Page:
The Spirit of the Lord is upon me, because he has anointed me to proclaim good news to the poor. He has sent me to proclaim liberty to the captives and recovering of sight to the blind, to set at liberty those who are oppressed, to proclaim the year of the Lord’s favor.

Jesus proclaimed to the poor this good news of freedom from the curse (Luke 4:20):

Blessed are you poor,
For yours is the kingdom of God.

Jesus and the disciples not only proclaimed the good news of the kingdom, but actually brought the glad tidings of the kingdom as he healed the sick and cast out demons (Luke 7:22; 8:1-3; 10:9-11). By attending to that message rather than the things of this age, Mary of Bethany received the one thing needed, which would not be taken away from her (Luke 10:38-42). The very Consolation of Israel, One greater than Solomon, long foretold by the law and prophets, had come! His reign means the deliverance from all of the enemies of God’s people!

The message of Jesus to be heralded to the nations in the power of the Spirit was the message of repentance and the forgiveness of sins (Luke 24:47-49). The fact that the main way the Spirit works in Luke-Acts is by empowering bold proclamation of that message means he brings the kingdom through the forgiveness of sins. That is as hard as making a lame man whole (Luke 5:23 = Mark 2:9 = Matthew 9:5): Jesus announced that message by the power of the Spirit (Luke 3:22; 4:1, 14, 18), just as he brought the kingdom through exorcism in the power of the Spirit (Luke 11:20 with Matthew 12:28). Indeed, he was rejected at Nazareth because he claimed to be the one who was empowered by the Spirit to heal the sick and to proclaim the gospel to the poor (Luke 4:18-21); doing those things showed John’s disciples that Jesus was the Messiah (Luke 7:22 = Matthew 11:4-5). The coming of the Spirit to Gentiles showed that they, too, should receive the baptism of forgiveness (Acts 10:47-48). Baptism in Luke-Acts is cleansing for repentance and forgiveness (Acts 2:38; 22:16) and thus is included in the message of repentance and forgiveness of sins to be proclaimed to the nations (Luke 24:47); those who believed the good news of the kingdom were baptized (Acts 8:12).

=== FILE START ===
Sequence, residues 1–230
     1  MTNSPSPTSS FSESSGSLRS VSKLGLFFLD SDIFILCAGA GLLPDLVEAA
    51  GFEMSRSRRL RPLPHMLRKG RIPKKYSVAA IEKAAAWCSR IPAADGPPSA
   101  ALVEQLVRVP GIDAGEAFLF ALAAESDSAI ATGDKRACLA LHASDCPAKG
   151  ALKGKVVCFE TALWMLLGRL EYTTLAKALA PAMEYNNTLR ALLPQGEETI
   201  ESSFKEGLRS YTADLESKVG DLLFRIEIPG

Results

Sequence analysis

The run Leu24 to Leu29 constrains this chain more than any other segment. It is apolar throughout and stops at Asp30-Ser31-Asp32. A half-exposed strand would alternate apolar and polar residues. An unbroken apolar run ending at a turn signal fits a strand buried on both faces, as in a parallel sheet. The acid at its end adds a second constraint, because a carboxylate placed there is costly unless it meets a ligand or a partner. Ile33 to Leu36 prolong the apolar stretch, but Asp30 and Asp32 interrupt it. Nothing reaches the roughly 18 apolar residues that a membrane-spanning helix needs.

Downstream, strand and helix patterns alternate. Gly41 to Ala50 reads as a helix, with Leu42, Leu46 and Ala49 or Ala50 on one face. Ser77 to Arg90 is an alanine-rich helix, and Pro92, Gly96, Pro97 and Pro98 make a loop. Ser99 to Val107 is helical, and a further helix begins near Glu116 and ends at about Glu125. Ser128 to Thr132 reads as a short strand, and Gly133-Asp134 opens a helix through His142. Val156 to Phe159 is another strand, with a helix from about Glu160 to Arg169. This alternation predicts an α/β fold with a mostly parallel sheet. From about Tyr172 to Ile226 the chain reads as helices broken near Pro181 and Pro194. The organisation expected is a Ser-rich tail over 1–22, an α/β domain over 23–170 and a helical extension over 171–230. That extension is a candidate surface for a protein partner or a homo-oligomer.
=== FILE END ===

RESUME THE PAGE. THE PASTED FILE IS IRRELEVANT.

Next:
Just as healing was performed in Jesus’ name, forgiveness through faith in his name was proclaimed (Luke 24:47; Acts 2:38; 3:6; 3:16; 4:10-12; 10:43; 16:18). For through his disciples acting in his name, Jesus himself continues to heal and to proclaim the good news (Acts 9:34; 26:22-23). Jesus called sinners to repentance from the beginning of his ministry (Luke 5:31-32; 19:10), and the risen Lord still blesses sinners by turning them from their iniquities (Acts 3:26)—repentance as well as forgiveness is a gift from the now-exalted Prince (Acts 5:31).

The good news of salvation from sin and its curse is encapsulated in forgiveness through faith in Jesus’ name. This is “the good news of peace” (Acts 10:36-43; cf. 17:30-31):

God anointed Jesus of Nazareth with the Holy Spirit and with power. He went about doing good and healing all who were oppressed by the devil, for God was with him. And we are witnesses of all that he did both in the country of the Jews and in Jerusalem. They put him to death by hanging him on a tree, but God raised him on the third day and made him to appear, not to all the people but to us who had been chosen by God as witnesses, who ate and drank with him after he rose from the dead. And he commanded us to preach to the people and to testify that he is the one appointed by God to be judge of the living and the dead. To him all the prophets bear witness that everyone who believes in him receives forgiveness of sins through his name.

Paul, according to Luke, gives examples of how “all the prophets” bear witness of that (Acts 13:32-39):

And we bring you the good news that what God promised to the fathers, this he has fulfilled to us their children by raising Jesus, as also it is written in the second Psalm, “‘You are my Son, today I have begotten you.’ And as for the fact that he raised him from the dead, no more to return to corruption, he has spoken in this way, “‘I will give you the holy and sure blessings of David.’ Therefore he says also in another psalm, “‘You will not let your Holy One see corruption.’ For David, after he had served the purpose of God in his own generation, fell asleep and was laid with his fathers and saw corruption, but he whom God raised up did not see corruption. Let it be known to you therefore, brothers, that through this man forgiveness of sins is proclaimed to you, and by him everyone who believes is freed from everything from which you could not be freed by the law of Moses.

Rejoice, believing the forgiveness of sins that has been proclaimed to you!